Both have one thing in common—see if you can find it
Girls first: She grew up close to a tennis court and picked up old, lost tennis balls. She did not have a racquet. Instead she used a piece of wood and hit the balls against a wall. Sometimes she was known to sneak onto the tennis court, through a hole in the fence, after hours, when nobody was around.
Soon the caretaker and coach at the private club noticed Margaret’s talents when she hit some balls with boys who were members at the exclusive club. Later her path intersected with a famous tennis coach, Frank Sedgman. Other coaches dismissed her as “too scrawny”. Sedgman agreed she was scrawny, but instead he said something different
Sedgman spoke ten words that changed Margaret’s life: “You could be the first Australian women to win Wimbledon”
Now the boy: Chi-Chi lived close to a golf course. Late at night he would look for lost balls and with a stick, pretending to use it as a golf club, he practiced some putting. He fell in love with the game and became a caddy. American soldiers used the golf course and one day Chi-Chi was spotted by one of these players. He noted the talent and potential in this young boy. He offered to pay for the boy to get a coach and told him “One day you will play in PGA tournaments”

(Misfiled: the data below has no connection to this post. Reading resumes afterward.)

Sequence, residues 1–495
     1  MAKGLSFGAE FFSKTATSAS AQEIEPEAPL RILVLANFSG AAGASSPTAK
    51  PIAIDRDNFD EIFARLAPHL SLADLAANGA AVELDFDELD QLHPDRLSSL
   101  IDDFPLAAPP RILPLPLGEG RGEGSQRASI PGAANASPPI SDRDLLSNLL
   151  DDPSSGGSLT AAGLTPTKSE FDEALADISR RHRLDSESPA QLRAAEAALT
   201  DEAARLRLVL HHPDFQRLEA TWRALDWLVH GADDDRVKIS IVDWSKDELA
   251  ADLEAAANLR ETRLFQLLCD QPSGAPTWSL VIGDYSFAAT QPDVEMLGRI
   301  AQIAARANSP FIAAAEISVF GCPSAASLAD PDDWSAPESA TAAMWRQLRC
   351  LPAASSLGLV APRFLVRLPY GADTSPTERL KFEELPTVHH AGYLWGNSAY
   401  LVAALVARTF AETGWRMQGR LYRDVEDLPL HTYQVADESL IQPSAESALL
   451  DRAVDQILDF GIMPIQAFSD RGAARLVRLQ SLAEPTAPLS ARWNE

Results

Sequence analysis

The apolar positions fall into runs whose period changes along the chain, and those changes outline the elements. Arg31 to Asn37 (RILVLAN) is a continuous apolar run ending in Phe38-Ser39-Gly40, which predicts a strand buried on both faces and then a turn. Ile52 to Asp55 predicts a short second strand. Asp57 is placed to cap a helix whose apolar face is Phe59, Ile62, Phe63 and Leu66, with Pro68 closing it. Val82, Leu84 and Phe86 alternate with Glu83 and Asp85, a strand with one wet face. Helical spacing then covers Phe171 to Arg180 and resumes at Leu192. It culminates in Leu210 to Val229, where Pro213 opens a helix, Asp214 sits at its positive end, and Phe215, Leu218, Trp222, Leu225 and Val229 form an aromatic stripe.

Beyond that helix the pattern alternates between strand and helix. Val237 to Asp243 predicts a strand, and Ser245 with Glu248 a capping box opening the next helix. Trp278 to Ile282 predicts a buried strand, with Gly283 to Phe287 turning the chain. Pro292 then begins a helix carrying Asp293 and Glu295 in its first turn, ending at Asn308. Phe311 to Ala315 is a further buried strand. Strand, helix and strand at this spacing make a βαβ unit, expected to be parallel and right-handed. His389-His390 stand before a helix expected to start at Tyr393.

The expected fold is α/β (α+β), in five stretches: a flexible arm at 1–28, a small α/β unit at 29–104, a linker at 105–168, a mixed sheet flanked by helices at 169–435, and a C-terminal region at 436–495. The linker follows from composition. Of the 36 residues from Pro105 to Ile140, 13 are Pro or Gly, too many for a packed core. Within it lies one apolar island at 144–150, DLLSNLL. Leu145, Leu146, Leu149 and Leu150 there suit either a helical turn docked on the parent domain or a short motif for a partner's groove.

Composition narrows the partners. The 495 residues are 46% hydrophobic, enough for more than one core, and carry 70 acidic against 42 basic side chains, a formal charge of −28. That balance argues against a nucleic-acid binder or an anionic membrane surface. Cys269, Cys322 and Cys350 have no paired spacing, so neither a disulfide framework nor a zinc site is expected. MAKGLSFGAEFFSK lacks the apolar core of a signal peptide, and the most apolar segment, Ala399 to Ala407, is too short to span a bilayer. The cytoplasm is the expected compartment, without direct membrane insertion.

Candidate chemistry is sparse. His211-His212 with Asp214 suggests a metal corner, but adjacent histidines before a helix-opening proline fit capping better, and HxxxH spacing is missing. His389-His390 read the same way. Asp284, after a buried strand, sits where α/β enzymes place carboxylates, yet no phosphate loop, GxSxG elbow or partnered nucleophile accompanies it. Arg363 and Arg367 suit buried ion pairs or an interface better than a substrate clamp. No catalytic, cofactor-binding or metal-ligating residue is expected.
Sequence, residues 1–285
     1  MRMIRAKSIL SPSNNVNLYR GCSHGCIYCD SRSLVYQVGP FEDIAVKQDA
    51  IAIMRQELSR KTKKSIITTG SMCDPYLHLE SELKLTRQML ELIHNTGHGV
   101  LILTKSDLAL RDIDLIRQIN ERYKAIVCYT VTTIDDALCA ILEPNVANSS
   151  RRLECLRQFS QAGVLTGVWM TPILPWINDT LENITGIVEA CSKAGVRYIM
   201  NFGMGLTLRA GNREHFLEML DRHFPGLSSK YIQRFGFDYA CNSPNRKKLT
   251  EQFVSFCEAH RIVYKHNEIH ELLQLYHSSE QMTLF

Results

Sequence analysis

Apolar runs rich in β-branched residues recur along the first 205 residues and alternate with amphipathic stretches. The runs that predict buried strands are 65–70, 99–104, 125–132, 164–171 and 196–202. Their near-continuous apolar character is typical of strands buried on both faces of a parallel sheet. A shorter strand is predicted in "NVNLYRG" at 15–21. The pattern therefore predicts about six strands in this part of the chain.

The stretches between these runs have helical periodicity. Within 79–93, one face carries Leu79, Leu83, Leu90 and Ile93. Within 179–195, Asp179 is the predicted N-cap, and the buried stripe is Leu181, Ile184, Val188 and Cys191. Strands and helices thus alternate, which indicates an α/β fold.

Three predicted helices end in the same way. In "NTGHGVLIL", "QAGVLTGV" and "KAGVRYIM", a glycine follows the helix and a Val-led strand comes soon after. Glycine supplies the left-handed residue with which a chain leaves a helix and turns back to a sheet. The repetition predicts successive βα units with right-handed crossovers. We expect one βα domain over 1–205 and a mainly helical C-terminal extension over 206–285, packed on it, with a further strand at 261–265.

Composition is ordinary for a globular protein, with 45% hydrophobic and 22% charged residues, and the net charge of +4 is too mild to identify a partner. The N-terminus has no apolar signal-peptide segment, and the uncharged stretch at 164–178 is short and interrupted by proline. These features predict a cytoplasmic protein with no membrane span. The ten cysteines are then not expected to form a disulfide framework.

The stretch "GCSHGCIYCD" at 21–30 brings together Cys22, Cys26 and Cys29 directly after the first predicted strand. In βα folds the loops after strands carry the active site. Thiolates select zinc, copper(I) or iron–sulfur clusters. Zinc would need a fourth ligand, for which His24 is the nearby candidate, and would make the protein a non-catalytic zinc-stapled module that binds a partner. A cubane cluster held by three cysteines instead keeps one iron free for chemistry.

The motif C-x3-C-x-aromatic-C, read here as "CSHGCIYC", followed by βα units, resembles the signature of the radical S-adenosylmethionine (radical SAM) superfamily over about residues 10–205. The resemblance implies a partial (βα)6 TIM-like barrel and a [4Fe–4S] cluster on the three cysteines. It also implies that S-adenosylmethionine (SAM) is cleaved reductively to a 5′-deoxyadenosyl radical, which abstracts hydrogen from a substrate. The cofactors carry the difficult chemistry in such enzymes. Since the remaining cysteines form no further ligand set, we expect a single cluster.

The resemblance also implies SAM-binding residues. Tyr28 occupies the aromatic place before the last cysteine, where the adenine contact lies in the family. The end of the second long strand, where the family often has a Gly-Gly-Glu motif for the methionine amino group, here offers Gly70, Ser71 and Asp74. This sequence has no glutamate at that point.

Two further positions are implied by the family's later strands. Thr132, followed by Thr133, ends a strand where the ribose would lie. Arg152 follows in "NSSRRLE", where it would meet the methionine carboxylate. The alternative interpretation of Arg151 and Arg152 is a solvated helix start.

Fast forward to a few years later and both these kids left a mark as adults. Margaret Court as a three-time Wimbledon champion and the winner of a number of grand slam tournaments and Chi-Chi Rodriquez the winner of numerous PGA events.
What a person believes and confesses about his or her own life matters a great deal. But, as you can see from the above story, both benefited from words of encouragement by an adult.
Can you make up your mind today—not tomorrow—but today, who you will encourage as you live your life by example? Will you use words to build others up or tear them down? It is your call—the ball is in your court.